- Yeah, so what happened was, I feel like I start off every other paragraph. So I lost all my money and then so I had this apartment in New York City but I was losing it. And I called up my parents and I had two kids and I'm like, I don't even know if I could get diapers. This is how cool as I was about money. Even though I had $143, I thought maybe diapers would cost more than $143. So I said to my parents, I didn't know. I don't know if I can afford to live the weekend. Can I drive down to where you are, pick up a couple hundred dollars. I think I said $1,000 and they started saying just no. They gave their reasons, whatever. And I was really frantic about how little money I had, how I was gonna support feeding my kids for the weekend. So I hung up the phone and they tried calling me back. I wouldn't pick up. And I said, okay, I need to just deal with getting my life back together and they were not good for me. But I stopped talking to them and my dad would reach out a couple of times and I was building back up again. I was starting to write. I started to make small little pieces of income from different places. And my dad would reach out, oh, I saw you on CNBC, but I wouldn't respond. And then suddenly he had a stroke and he passed away. And so I had never talked to him after that time when I hung up on him. And of course, the first thing I would think was, if I had the money still, I would have been able to find all sorts of procedures, innovative technologies to kind of help him. And after he had his stroke, I was pretty sure he was still there, but just not moving. But the doctors didn't agree. I felt like if I had the money, I could have proven it. So I felt bad about that. I felt like I missed him because, of course, 'cause he was very different from me in a lot of ways and I missed his advice and his love for me and all of that. But at the end of the day, you can't be a victim all the time. Like I had to move forward or else I was gonna be a victim and always dwell on victimhood instead of, okay, how can I physically be better? How can I be emotionally better? So this doesn't happen again. How can I be creatively better?

The powerful message behind Howes' rule of Don't Ask Why (32:33)

How can I be spiritually better? That's interesting. You have a pretty powerful rule that I will be immediately employing, which is don't ask why. Explain to people what you mean by that and what you get from that. Let's say you're friends with somebody and they suddenly stop talking to you and you call them, they don't pick up, you email, they don't respond. You start to wonder, did I do something? You know, they're wrong. They think they probably think I did this, but I know that they're wrong. I wanna tell them that they're wrong. You don't know what's going on in their life. You've sent the message that you're there. You've kind of sent the smoke signal out. You can't ask why they're not responding. It's hard enough to figure out why you're doing the things you're doing, let alone figure out what people who are bad to you or why they're doing what they're doing. That's too complicated. Life's hard enough. So that's a simple example. Another example might be you had a partner who you suddenly realized had committed a crime, say, and now the business is going out of business. You can't really ask why did they commit that crime. You have to more ask about yourself, okay, how am I gonna recognize in the future not to partner with people who are nuts, who I should have recognized in some way, they were not emotionally all there, that they were gonna be able to do this. So I don't get myself in that situation again. So this is a business way of looking at it. Or, you know, there's thousands of ways to look at it, but you can never ask why about why someone else is doing something to you. Like, they're not really doing it to you. They're doing it about themselves. And then you have to decide, it's your choice completely how you're going to react. And that's why I say this daily practice is practice for those moments when you're starting to ask why. Like, because you've been doing this daily practice, or because I was doing this daily practice, I'm able to survive that moment, not ask why and just move on. Just flesh that out for people. What difficult gratitude is?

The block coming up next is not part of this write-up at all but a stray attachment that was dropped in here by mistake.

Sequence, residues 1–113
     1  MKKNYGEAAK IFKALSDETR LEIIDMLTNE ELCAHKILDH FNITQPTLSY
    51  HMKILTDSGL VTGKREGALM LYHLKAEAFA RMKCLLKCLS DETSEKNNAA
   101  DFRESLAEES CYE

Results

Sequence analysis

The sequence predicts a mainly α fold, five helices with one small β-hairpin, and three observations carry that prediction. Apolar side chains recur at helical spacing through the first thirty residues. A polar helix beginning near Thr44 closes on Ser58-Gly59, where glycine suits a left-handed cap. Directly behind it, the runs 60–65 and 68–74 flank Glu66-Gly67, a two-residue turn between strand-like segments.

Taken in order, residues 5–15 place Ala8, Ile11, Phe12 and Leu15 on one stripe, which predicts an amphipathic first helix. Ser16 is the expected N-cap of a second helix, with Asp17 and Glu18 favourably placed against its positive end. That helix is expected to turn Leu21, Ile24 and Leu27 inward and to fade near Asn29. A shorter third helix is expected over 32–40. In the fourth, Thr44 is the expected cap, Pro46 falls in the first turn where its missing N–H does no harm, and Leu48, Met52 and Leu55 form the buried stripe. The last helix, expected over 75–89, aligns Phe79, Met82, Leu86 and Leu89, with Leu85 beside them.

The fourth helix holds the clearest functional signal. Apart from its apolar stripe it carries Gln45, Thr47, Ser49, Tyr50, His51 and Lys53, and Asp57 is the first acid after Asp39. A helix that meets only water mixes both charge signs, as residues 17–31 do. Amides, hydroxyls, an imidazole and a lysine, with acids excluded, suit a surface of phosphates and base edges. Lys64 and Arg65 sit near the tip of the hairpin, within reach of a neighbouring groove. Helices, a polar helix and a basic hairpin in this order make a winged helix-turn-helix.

Gratefulness (34:40)